"Craggy Mountain line is one of the best kept secrets in Asheville," Hollifield says with a smile. "We haven’t done a lot of advertising on purpose. If 100 people show up at our door right now, it's going to scare us. We want a couple hundred people to come, but we want them to come in increments. We’re not going gung-ho yet. The facilities aren't ready yet. Once we get it a little closer to how it should be — handicap-accessible and all the things we plan on doing, then we’ll be ready to ride all day."

The Jingle Bell Trolley Train Run, which ran from Saturday, Nov. 30, to this past weekend, just completed its second year — and gained enough attention to put the Craggy Mountain Line on the region's radar for up-and-coming attractions.

The holiday run “does raise several thousand dollars for us, and all the money we get, from tickets and donations — whatever we do, is put right back into the railroad to make it grow," says Hollifield.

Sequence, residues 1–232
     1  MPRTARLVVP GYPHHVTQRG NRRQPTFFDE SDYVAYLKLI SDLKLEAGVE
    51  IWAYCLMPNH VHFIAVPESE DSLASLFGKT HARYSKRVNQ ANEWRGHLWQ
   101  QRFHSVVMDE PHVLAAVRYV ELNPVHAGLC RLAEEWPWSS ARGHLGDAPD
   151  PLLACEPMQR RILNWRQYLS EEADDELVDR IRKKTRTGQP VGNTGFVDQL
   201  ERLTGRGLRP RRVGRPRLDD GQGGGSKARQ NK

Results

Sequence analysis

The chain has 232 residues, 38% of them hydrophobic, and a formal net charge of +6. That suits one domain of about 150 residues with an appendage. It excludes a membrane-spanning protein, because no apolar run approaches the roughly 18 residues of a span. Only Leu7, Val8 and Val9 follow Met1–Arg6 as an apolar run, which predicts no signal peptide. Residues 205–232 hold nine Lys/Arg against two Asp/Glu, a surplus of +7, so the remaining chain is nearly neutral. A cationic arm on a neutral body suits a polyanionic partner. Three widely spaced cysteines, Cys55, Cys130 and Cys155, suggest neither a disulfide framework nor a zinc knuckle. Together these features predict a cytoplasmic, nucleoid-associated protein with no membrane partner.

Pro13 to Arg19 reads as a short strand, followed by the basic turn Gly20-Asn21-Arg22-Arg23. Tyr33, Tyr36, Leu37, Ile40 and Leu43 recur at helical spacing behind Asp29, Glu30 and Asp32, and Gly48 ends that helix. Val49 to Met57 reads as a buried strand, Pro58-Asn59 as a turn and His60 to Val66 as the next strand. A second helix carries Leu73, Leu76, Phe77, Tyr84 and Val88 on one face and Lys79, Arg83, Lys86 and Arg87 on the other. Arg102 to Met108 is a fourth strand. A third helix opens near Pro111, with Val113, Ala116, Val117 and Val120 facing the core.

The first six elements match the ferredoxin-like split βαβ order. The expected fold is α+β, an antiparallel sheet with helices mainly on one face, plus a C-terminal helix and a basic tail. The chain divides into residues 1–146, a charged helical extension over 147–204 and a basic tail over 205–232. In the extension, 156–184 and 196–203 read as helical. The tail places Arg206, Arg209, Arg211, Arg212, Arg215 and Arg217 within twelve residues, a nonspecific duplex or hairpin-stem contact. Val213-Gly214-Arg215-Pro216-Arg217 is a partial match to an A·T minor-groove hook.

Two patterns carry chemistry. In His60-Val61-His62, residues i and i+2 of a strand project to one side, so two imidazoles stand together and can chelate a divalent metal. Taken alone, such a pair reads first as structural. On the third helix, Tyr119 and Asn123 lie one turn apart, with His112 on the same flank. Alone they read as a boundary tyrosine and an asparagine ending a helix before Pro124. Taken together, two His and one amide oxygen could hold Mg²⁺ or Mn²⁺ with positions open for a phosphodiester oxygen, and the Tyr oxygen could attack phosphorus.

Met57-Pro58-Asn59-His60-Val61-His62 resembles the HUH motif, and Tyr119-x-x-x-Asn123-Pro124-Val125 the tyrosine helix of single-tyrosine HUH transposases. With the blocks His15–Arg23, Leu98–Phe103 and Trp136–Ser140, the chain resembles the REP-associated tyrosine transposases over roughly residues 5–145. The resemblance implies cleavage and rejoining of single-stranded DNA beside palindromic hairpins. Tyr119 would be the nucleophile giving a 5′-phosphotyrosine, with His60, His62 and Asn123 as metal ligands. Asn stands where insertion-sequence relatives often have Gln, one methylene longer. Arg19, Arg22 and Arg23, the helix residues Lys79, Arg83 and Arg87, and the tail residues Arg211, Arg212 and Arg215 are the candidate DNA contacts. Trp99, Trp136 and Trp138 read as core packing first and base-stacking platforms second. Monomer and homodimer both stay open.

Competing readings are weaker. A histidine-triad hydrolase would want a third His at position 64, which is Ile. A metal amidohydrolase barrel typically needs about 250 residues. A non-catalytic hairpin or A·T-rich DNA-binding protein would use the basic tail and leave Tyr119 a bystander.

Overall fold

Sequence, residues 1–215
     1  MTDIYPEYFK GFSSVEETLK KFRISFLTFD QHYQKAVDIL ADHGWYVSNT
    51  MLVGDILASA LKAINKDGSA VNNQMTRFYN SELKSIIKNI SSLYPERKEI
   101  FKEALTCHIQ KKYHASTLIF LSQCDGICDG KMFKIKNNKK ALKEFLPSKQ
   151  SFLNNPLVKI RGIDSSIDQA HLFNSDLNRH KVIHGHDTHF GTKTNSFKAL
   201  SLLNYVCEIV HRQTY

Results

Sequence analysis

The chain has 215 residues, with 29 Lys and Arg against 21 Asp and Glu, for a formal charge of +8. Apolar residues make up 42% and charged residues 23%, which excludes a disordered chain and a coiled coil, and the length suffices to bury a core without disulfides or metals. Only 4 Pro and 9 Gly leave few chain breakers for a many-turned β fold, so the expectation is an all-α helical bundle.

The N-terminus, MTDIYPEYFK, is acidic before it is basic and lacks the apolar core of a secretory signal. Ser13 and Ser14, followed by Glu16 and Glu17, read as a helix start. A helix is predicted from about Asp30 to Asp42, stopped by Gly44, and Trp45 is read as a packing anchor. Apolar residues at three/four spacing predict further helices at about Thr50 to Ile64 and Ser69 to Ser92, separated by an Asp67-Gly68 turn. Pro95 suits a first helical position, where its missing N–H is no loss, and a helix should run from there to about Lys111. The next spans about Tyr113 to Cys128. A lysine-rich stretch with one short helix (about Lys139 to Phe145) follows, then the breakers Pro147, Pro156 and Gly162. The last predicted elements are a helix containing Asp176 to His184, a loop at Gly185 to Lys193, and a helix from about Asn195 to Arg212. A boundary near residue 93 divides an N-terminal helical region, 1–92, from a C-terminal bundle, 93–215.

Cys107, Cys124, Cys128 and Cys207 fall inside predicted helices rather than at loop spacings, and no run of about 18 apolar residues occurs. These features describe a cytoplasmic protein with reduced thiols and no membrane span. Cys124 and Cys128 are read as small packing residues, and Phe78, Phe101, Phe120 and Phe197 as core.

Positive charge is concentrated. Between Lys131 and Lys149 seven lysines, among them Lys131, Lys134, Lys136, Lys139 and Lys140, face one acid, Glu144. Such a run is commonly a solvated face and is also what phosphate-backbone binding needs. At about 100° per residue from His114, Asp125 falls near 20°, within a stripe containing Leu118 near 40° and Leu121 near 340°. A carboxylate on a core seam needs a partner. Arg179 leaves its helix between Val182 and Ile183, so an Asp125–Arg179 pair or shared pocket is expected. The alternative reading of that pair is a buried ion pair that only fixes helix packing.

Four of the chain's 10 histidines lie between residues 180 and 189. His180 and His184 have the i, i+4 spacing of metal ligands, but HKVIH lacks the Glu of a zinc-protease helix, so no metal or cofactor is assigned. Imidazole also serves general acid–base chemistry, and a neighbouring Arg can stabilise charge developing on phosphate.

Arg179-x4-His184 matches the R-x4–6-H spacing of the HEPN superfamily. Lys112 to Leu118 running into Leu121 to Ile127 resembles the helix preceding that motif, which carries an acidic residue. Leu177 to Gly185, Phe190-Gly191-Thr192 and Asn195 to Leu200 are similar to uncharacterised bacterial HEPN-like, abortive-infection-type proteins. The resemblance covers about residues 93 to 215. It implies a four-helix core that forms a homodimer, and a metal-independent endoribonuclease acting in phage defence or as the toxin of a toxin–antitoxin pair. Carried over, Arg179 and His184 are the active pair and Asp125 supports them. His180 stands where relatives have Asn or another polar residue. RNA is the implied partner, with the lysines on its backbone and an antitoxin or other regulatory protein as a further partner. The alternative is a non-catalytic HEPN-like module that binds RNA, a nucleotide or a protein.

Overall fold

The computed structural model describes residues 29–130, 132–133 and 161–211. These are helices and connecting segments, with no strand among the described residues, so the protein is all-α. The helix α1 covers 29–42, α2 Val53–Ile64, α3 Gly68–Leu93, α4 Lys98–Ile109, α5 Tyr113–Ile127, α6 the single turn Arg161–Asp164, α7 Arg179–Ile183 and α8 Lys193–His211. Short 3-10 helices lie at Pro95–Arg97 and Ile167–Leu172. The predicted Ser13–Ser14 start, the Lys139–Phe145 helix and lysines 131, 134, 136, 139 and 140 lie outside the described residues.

On the day Xpress got on board, the train shouted a warning, and passengers climbed out of the warm, parked trolley car, ambled across the street, and climbed aboard the two open-air cars on the opposite side of the road. Christmas lights and tinsel-garland swung from the roof as the 1927 Asheville streetcar began to roll and Hollifield waved goodbye from the sidelines with a smile.

“I have loved trains all my life,” he says, smiling. “My mom told me I used to sit up in the car seat and point at trains as they went by down in Biltmore.”

And it’s easy to see that lifelong passion in every tie on the historic track, as Hollifield and Craggy Mountain Line volunteers turn the original 1904 line into a functional railroad once again.

“Folks just want to see this come to life. They just want to see this railroad bring some history back to Asheville.”

For more information about Craggy Mountain Line, go to

— H

About Hayley Benton
Current freelance journalist and artist. Former culture/entertainment reporter at the Asheville Citizen-Times and former news reporter at Mountain Xpress. Also a coffee drinker, bad photographer, teller of stupid jokes and maker-upper of words. I can be reached at hayleyebenton [at] Follow me @HayleyTweeet